703.17 No person shall commence a flight unless the flight has been authorized in accordance with the procedures specified in the air operator's company operations manual.


Maintenance of Aircraft


703.19 No air operator shall permit a person to conduct a take-off in an aircraft that has not been maintained in accordance with the air operator's maintenance control system.



571.10 Maintenance Release


(3) Responsibility for compliance with airworthiness directives (ADs) is assigned to the owner of the aircraft in accordance with section 605.84 of the CARs.


Information Notes:


(i) Some inspection check sheets contain a check box with a statement to the effect that “...all applicable ADs have been complied with”. Such a statement transfers this responsibility to the AME signing the maintenance release for the inspection, even though it may be impractical for the AME to undertake the level of research required. Since compliance with ADs are the responsibility of the owner, AMEs should strike out this item on the inspection check sheets that they sign.


(ii) If the owner wishes to have this research undertaken by the AME as a separate maintenance task, it can be raised as a separate item on the work order, work card, or other document detailing the maintenance arrangement.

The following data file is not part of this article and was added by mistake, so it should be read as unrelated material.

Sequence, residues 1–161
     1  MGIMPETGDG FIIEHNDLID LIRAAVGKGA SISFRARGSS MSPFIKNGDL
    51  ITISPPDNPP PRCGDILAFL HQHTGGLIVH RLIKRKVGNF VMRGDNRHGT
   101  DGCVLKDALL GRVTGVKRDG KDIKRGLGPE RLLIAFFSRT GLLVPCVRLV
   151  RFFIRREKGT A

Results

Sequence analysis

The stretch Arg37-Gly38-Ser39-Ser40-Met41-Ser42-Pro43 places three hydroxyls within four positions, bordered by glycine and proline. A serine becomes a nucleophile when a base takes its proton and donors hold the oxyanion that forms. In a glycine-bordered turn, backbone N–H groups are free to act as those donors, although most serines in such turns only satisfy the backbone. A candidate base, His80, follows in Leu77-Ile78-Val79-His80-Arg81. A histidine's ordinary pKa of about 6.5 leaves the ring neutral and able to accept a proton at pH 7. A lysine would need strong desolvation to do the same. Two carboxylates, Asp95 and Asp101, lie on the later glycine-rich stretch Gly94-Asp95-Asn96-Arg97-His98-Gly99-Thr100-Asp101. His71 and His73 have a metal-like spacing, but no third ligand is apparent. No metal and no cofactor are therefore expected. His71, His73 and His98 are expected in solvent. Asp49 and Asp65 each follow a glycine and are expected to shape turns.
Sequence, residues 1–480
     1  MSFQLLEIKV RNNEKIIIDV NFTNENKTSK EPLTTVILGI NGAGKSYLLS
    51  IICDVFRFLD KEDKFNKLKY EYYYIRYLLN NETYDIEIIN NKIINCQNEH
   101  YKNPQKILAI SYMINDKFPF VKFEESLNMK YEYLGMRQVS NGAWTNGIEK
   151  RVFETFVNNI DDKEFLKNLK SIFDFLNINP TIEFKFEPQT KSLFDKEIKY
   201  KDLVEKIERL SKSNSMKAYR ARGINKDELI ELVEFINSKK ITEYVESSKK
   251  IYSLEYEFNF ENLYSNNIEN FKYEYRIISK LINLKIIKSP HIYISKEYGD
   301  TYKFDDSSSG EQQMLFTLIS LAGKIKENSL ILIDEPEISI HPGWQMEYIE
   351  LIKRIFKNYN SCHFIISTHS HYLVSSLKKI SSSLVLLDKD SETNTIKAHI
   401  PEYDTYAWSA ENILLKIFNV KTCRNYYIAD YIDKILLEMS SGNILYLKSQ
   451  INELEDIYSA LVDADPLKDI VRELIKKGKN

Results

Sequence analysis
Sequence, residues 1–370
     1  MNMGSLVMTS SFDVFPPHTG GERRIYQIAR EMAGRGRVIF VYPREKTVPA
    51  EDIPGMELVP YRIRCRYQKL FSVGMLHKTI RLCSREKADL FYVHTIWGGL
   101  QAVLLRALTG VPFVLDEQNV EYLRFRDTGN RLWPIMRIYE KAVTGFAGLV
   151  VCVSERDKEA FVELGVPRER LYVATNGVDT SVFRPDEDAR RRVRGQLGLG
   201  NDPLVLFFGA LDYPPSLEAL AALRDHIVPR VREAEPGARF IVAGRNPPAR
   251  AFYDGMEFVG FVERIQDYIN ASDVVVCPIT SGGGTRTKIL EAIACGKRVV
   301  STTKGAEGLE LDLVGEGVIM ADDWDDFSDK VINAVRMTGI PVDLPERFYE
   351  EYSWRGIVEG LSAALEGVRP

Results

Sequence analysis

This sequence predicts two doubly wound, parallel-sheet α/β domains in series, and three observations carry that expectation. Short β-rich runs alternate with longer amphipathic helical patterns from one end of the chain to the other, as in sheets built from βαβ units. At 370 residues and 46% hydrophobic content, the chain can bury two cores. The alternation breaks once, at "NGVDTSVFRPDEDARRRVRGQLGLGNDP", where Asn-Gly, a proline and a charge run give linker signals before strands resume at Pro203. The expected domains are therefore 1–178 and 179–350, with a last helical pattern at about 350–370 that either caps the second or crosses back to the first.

(a) A maintenance release applies only to the particular maintenance task or tasks to which it relates. Therefore:


(i) it is acceptable to sign a maintenance release in respect of a single task or group of tasks, even if other work is outstanding on the aircraft, provided that the wording of the entry leaves no doubt as to the scope of work being certified; and


(ii) it is the responsibility of the person signing a maintenance release to ensure that the technical record is correct in respect of the status of any outstanding task.


CAR 706.06 requires an air operator to include in its maintenance control manual, technical dispatch procedures to ensure that aircraft are not operated unless they are airworthy, appropriately equipped, configured and maintained for their intended use.